Adi Shakti is First Mother, the dynamic force of Brahman and source of all power and consciousness. Adi Shakti is Mother of all that is divine and mortal. See also; Shakti.
Lord of Yoga
Shiva as Adiyogi is the first yogi or guru who "teaches in silence the oneness of one's innermost self (Atman) with the ultimate reality (Brahman).” Stella Kramrisch, “Manifestations of Shiva”. See also; Yoga, Brahman and Atman.
Tamil Vaishnava poet saints
Alvars were Tamil saint-poets who, between the 6th and 9th centuries, wandered south India expressing deep personal devotion (Bhakti) to Vishnu through poems and songs of longing and ecstasy. The Bhakti Movement quickly spread throughout the rest of India as worshippers rejected formal ritual, caste and theosophy to express their devotion in sensual mysticism. Some of Bhakti’s most active proponents were women, such as the saint Mirabai and the poetess, Andal. Their Saivite counterparts are known as Nayanars. See also; Bhakti, Nayanars and Bhakti.
Dance of Bliss
As Nataraja, Shiva performs Anandatava (tr; bliss dance) dancing a weary world into extinction in preparation for Brahma the Creator to fulfill his role. This is all part of the Hindu cyclical nature of the cosmos and everything in it.
Anantha is a serpent floating upon the ocean of the changing world forming a bed for Vishnu. Five, seven, but more commonly a thousand-headed serpent, often with each head ornately crowned. Anantha is also known as Sesha - endless - as he is believed to remain in existence even after the end of the Kalpa when Nataraja destroys the world.
dwarf of ignorance
Apasmara (also known as Mushalagan) is a dwarf-demon manifesting spiritual ignorance. Shiva as Nataraja manifests spiritual knowledge and the two are locked in a neverending struggle. Nataraja will forever suppress Apasarma for if the dwarf (ignorance) is slain, knowledge becomes devalued. In iconography, Apasmara is portrayed offering the anjalimudra of adoration as he is trampled by Nataraja’s right foot.
One of the 63 Nayanars, or Saivite saints, who wandered south India in the 7th to the 9th centuries singing hymns dedicated to Shiva and Uma. From that time forward the sensual metaphors of their hymns influenced how the divine couple are portrayed in bronze. See also; Alvars, Sambandar and Sundarar.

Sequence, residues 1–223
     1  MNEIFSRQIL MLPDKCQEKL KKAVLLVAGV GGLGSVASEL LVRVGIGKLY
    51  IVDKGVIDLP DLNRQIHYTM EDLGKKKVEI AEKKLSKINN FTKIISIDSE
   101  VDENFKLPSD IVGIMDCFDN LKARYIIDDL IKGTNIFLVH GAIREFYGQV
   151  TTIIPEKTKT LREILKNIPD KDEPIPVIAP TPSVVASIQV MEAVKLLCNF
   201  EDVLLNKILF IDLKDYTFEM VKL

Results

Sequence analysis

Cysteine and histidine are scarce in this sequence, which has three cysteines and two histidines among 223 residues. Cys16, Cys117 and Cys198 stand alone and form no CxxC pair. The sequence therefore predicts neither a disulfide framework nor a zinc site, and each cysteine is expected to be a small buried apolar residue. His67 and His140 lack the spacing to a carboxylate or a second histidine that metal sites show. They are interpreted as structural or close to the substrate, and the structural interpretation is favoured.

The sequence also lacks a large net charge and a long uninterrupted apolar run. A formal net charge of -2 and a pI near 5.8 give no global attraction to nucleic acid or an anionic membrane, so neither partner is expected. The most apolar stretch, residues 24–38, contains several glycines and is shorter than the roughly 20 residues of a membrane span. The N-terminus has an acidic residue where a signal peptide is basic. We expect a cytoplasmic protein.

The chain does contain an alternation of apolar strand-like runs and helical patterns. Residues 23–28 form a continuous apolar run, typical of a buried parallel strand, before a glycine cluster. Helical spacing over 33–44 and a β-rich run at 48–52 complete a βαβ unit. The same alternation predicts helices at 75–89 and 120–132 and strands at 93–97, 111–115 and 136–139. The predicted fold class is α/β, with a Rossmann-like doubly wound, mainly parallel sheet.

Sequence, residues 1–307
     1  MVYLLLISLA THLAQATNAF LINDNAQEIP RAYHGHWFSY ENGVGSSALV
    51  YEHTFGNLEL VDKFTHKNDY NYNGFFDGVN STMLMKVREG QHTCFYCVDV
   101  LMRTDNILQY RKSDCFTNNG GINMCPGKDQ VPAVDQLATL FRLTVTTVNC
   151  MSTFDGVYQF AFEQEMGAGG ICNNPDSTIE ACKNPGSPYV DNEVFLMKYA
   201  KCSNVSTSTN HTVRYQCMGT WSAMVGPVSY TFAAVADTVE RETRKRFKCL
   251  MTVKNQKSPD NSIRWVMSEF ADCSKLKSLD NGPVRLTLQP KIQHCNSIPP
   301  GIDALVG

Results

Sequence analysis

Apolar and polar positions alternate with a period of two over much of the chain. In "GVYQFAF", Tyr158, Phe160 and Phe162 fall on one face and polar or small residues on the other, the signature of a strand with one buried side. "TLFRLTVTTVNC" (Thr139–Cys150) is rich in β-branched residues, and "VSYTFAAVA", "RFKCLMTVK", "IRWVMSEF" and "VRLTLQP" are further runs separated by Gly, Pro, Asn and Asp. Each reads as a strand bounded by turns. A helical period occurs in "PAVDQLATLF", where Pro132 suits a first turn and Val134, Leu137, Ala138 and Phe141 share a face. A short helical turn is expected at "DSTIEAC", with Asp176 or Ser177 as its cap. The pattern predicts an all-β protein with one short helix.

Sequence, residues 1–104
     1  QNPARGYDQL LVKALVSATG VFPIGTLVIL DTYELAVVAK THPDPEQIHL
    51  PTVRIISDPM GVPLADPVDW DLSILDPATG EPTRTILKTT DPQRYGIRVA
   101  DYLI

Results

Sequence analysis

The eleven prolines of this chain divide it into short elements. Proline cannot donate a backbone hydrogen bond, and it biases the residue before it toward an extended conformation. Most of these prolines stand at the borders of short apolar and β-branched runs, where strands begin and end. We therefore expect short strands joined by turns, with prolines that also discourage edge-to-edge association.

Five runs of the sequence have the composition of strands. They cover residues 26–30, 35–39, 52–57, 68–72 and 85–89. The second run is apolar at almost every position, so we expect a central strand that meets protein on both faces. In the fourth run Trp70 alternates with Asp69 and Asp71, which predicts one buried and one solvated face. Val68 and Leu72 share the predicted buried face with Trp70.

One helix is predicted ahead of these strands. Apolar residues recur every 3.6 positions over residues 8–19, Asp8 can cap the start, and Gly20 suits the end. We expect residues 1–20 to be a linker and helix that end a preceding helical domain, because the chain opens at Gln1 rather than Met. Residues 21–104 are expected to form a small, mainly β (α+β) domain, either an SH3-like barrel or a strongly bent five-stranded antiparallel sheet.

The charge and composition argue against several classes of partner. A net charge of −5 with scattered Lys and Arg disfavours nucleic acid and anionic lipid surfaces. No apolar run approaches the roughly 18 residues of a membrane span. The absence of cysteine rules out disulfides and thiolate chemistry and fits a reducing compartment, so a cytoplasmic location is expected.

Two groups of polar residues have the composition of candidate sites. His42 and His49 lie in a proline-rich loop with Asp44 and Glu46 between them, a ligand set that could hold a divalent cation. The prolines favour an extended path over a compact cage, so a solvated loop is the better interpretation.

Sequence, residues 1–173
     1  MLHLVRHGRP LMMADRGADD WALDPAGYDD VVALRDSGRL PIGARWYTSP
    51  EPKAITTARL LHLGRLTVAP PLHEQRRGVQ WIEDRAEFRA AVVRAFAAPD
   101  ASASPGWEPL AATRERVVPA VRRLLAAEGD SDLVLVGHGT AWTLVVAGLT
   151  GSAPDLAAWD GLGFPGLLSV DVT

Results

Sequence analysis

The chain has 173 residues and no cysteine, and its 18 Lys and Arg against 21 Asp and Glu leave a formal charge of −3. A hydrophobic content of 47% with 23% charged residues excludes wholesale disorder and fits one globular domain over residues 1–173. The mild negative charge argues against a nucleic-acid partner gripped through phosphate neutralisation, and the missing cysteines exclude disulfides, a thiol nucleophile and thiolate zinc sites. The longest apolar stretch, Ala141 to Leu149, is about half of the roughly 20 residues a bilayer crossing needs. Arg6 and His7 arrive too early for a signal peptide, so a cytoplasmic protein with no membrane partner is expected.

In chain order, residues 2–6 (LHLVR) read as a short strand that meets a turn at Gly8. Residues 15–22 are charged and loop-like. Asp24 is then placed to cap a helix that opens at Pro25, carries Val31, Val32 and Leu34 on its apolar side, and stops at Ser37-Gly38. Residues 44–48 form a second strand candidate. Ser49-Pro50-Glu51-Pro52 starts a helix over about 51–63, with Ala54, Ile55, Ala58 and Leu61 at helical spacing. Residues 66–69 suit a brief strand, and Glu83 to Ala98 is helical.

Arjuna is the mortal charioteer who receives Krishna’s divine guidance in the epic, Bhagavad Gita.
Vedic gods responsible for moral principles. Mitra (contracts), Aryaman (guardian of guest, friendship and marriage), Bhaga (sharing) or Varuna, the supreme Asura (or Aditya). In later Vedic texts the asuras became demons. See also; Devas.
Ayyanar, or Shasta, is a guardian folk deity common to villages of Tamil Nadu, Kerala and Sri Lanka. Some believe he is the son of Shiva and Mohini, a lesser known female avatar of Vishnu. Ayyannar is often depicted riding a horse, white elephant or tiger, upon which he patrols at night. Ayyannar is a Dravidian term meaning; respected elder.
The Supreme Beggar
Shiva’s in his role as Supreme Renouncer. In a rage, Shiva had severed the fifth head from Brahma’s shoulders and to atone he wandered as a beggar for a time. He is depicted nude with four arms, while cobras writhing about his hair and waist. The front right holds grass (kusaa) for the deer leaping playfully at his side, while his front right holds a skull cap (kapala) made of Brahma’s skull used as a begging bowl. His back hands hold traditional Shiva attributes, a drum (damaru) in his right, his trident (trishula) in his left. Unique in Hindu iconography he wears wooden sandals (paduka). Bhikshatana is often depicted as being followed by love-sick women, many of whom let slip their clothing in their lust for him.